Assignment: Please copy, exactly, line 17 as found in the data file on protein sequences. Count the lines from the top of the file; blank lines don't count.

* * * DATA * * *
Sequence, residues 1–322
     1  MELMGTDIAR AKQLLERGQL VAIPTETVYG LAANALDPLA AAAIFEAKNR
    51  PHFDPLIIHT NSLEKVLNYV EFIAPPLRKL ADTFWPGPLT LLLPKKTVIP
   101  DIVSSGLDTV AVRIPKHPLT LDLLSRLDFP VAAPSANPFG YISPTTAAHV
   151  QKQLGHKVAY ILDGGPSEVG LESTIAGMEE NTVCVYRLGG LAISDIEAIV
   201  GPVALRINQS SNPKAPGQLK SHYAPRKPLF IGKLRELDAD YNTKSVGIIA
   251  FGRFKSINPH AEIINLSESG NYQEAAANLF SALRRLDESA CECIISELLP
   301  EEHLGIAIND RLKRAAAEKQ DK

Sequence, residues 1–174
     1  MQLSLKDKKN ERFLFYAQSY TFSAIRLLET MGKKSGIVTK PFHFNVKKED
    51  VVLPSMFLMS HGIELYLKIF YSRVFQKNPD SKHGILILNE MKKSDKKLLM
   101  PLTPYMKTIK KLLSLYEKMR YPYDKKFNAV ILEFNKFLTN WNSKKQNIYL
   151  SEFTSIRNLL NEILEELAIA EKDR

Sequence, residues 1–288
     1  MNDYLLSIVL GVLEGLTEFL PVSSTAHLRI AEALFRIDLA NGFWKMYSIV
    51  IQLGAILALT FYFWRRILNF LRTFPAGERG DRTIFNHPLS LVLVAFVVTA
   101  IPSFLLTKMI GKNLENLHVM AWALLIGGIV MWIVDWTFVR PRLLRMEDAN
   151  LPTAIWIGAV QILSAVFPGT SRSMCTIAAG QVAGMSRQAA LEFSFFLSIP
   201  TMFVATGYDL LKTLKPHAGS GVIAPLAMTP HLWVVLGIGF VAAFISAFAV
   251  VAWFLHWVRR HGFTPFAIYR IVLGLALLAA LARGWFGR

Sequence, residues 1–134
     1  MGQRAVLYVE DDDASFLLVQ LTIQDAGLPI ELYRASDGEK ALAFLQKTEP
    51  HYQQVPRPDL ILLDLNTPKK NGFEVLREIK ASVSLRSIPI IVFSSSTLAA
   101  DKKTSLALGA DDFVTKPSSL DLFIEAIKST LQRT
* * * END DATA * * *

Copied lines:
   101  IPSFLLTKMI GKNLENLHVM AWALLIGGIV MWIVDWTFVR PRLLRMEDAN